9.00-10.45: Parallel session 6, University Human Rights Centre (Room Iqbal Masih)

European Court of Human Rights and Religions

Chair: Stelios Perrakis, Panteion University

Melanie Adrian, Carleton University, Ottawa, Religious Freedom Curtailed: Dignity, Equality and Islam at the European Court of Human Rights

Roberta Medda, European Academy Bozen, The Contribution of the European Court of Human Rights to the Accommodation of Contemporary Religious Diversity

Christos Tsevas, University of Strasbourg, Democritus University of Thrace, The Notion of “Living Together”: Navigating from S.A.S. v. France to The Nexus of Human Rights and Religions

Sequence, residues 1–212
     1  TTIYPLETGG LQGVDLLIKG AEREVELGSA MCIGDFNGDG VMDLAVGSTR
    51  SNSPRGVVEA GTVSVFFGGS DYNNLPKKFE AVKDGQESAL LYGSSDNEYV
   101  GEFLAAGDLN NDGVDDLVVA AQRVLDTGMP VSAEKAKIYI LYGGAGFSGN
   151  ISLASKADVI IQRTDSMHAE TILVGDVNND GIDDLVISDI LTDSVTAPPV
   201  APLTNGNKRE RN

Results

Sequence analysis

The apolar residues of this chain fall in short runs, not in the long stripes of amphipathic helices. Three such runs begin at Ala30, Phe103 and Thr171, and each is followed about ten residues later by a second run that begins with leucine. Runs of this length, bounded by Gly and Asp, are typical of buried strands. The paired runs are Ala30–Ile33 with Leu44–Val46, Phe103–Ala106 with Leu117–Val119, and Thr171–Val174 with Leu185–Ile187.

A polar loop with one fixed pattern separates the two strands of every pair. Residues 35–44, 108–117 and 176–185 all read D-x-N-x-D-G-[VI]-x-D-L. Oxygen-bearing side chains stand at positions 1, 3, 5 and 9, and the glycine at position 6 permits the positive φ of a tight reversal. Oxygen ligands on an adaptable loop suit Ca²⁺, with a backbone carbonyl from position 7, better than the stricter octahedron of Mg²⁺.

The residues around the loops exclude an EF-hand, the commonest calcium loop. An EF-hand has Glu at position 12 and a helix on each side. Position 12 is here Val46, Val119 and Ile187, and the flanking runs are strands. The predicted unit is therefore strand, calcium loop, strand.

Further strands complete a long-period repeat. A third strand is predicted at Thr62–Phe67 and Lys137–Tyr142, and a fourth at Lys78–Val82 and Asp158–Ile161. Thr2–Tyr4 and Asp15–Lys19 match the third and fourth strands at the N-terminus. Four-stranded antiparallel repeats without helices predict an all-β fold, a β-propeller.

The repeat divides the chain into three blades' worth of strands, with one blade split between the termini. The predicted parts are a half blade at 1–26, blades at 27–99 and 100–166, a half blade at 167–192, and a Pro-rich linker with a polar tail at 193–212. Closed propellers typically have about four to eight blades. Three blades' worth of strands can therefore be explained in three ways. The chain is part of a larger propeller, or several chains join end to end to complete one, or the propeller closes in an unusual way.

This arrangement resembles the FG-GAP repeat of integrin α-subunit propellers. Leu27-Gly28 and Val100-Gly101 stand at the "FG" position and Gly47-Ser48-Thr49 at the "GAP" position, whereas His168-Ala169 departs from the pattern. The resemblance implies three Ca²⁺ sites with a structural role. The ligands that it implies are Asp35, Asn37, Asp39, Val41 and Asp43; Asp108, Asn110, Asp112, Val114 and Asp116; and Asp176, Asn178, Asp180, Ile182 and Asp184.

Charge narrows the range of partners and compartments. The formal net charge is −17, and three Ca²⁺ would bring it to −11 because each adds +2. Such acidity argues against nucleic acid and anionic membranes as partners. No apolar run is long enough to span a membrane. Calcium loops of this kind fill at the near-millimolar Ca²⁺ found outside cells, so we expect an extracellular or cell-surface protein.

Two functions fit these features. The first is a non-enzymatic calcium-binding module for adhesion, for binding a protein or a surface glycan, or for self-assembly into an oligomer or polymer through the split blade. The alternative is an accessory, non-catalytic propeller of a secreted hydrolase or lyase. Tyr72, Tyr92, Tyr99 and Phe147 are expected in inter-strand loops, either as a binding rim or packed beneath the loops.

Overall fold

Marcella Ferri, University of Bergamo, The Expression of Religious Identity in The Public Sphere: The Jurisprudence of The European Court of Human Rights

Eva Maria Lassen, Danish Institute for Human Rights, The EU, The State and Religion

11.15-13.00: Parallel Session 7, University Human Rights Centre (Library)

Religions, Media, and Education

Chair: Adam Possamai, Western Sydney University

Magdalena Ratajczak, University of Wroclaw, Religious Conversations. Media and Religions

Carlo Nardella, University of Milano, Commercial Advertising and Human Rights Discourse

Heini Skorini, University of London, Don't Attack my Religion! The Organization of Islamic Cooperation and the Struggle to Define International Free Speech Norms

Matteo Tracchi, Amnesty International, Back to Basics: Restoring Human Dignity and Addressing Extremism through Human Rights Education. A European Perspective

Petru-Lucian Cirlan, Ecole Pratique des Hautes Etudes, Sorbonne, Religion and Human Rights in Orthodox Countries State and Church Relation in Romania and Russia